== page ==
Ferrandi,Notter or J&W - WHICH ONE?

Joined Oct 15, 2010
OK so i have been doing some research lately. i am a culinary enthusiast. i have been cooking for a while now and i love it. I am 25 years old and i already have my first bachelors degree so for me, this culinary thing is more for me to gain knowledge and skills on french baking and pastry. and then in like 5 years open up a pastry shop.Now i want to start culinary school next year and i have been reading  some of cheftalk's blogs and i am not lazy, i did some research. so in the end it comes down to Notter pastry school,J&W and the ever so talked about Gregoire Ferrandi. i wanna more than anything go to ferrandi simply because the program is five months and a paid externship for 6 months. trouble is its 15,000 euros plus living expenses which is about 20,000 dollars which is almost the same as going to notter or J&W. plus if you check out Ferrandi's application, it says you have to pay that 15,000 in installments of three. so that's 5000 per installment. Notter on the other hand takes 7 months which is not bad and you start working right away. J&W is a really good school, four campuses across the country and good baking and pastry program.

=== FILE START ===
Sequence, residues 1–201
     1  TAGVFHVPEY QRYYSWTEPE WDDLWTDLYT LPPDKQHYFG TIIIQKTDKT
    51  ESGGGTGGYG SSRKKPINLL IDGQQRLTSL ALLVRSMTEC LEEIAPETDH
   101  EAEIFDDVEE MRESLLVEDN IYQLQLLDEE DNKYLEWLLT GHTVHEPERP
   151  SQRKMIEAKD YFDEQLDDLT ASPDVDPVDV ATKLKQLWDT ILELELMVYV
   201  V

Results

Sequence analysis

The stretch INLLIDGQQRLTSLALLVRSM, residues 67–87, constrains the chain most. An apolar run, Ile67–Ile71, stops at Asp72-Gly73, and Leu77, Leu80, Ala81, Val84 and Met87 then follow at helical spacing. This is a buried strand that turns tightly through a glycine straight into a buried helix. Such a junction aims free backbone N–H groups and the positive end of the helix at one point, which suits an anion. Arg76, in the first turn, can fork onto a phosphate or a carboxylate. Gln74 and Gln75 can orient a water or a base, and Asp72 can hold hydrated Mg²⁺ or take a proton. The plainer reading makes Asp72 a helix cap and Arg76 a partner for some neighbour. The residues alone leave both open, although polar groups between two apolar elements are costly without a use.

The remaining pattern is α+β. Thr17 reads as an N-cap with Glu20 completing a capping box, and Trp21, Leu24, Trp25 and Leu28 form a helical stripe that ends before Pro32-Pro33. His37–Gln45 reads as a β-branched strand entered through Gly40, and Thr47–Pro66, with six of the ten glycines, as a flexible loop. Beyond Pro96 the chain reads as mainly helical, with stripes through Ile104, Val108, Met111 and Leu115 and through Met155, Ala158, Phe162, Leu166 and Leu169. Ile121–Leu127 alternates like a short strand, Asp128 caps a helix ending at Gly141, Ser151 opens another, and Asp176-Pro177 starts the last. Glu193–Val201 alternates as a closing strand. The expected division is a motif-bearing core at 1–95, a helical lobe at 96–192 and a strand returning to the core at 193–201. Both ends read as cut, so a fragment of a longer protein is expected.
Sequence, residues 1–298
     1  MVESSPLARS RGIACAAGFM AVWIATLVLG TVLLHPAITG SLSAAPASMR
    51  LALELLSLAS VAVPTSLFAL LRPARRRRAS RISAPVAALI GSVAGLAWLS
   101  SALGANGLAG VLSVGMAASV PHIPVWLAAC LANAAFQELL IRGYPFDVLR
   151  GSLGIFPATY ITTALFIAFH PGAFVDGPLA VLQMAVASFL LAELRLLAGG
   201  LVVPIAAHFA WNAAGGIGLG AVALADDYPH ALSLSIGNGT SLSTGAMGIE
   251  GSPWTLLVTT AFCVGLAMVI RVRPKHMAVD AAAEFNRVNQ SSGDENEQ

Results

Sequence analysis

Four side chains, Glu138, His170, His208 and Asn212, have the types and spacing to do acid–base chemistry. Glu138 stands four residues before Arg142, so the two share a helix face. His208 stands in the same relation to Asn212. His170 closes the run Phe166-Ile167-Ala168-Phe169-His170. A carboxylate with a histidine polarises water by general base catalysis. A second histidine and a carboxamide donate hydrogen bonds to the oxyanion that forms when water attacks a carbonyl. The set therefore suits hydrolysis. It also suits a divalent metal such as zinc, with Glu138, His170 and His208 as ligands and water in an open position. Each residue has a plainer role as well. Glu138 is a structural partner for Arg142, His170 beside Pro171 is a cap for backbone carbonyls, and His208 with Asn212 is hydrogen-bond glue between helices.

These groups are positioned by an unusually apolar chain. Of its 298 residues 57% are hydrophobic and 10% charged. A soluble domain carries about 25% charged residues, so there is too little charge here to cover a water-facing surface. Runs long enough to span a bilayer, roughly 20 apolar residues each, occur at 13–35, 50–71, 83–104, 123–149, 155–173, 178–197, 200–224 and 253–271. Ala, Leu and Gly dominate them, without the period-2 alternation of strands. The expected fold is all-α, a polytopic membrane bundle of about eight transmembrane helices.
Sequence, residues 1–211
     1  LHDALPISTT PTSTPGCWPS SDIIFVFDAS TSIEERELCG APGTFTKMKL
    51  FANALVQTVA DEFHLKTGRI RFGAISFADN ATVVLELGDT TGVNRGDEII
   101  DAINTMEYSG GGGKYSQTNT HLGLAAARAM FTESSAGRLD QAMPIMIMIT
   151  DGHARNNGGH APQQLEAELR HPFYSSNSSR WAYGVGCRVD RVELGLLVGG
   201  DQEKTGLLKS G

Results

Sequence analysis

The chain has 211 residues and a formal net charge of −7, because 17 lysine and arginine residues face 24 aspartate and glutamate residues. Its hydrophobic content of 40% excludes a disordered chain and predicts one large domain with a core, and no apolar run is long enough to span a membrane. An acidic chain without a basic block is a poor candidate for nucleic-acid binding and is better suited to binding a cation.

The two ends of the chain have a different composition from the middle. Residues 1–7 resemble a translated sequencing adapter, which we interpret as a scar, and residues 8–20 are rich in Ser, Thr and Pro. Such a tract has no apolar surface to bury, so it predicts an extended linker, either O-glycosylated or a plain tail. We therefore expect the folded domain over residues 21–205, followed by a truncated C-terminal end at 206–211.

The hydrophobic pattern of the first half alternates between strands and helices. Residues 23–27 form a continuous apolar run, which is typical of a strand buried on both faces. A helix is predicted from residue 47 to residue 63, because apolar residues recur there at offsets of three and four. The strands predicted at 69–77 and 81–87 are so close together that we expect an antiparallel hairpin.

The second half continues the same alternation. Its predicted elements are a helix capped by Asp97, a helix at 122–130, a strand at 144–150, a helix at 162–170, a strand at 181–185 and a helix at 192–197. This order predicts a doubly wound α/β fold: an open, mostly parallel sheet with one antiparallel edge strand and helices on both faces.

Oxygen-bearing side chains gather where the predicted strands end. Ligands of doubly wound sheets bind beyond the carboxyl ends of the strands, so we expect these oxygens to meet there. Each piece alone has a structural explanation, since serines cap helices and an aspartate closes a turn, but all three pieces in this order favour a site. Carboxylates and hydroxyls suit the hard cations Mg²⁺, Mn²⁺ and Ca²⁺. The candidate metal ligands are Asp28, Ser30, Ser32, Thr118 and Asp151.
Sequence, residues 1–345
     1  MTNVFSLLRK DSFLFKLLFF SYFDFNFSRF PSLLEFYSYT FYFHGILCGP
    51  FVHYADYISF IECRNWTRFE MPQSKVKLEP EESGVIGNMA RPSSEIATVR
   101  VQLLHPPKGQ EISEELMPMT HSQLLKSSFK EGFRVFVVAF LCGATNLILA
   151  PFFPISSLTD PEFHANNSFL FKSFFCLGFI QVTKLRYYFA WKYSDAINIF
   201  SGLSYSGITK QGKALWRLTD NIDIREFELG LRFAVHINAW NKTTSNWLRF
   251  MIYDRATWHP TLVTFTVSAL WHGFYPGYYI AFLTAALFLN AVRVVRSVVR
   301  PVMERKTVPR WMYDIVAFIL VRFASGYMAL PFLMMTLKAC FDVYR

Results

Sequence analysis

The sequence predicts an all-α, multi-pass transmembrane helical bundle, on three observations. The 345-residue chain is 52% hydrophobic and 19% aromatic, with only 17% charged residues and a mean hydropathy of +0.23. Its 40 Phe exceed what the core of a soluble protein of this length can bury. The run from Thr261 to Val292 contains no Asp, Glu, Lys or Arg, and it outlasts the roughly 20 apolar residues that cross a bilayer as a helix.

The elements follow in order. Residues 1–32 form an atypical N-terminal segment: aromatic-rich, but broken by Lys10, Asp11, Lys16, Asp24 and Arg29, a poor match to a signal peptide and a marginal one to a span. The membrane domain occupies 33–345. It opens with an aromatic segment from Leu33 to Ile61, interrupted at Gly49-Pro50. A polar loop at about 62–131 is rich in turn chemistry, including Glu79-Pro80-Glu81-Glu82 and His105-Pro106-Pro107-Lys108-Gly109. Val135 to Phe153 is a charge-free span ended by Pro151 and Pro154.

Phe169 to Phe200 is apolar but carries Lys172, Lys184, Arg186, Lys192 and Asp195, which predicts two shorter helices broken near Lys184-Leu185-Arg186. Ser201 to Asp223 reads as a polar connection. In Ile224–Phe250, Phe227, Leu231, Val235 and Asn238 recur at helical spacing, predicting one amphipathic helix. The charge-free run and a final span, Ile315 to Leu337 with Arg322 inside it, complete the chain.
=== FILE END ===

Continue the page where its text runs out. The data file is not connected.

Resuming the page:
i would really appreciate everyone's advice both from the culinary students perspective and culinary instructor's perspective. Is a certificate just as good as a diploma or a degree? and has anyone actually gone to Ferrandi , Notter or J&W and what were your experiences? I honestly dont want to learn with celebrity chefs in their restaurants, i would just rather get hands on experience with a humble pastry chef. 
Joined Oct 8, 2010
Truthfully if one of your priorities is to "get hands on experience with a humble pastry chef" then I would consider seeking out someone who fits that category and asking if you could work for them for a little while. This could be a very valuable experience for you and help you narrow down a culinary school because you'll know exactly what you're looking for from a program. Although going straight to school will nevertheless also give you the chance to learn from seasoned pastry chefs, you may get more attention (and thus learn a whole lot more) from a personalized internship.
Joined Dec 17, 2009

I recommend that you consider the Baking & Pastry Arts programs at: GRCC, and Schoolcraft College. Both programs are taught by CMPCs. GRCC's Pastry course is taught by CMPC, Gilles Renusson. Schoolcraft College's Pastry program is taught by CMPC, Joseph Decker.

However, if you can afford it, consider: Notter School of Pastry Arts, French Pastry School, and PCI. CMPC Bo Friberg is the Pastry instructor at PCI. If finances are an issue, then consider to two aforementioned community colleges. You can also check ShawGuides for a community college program near you. Finally, read the Cooking Schools interview.

Good luck.
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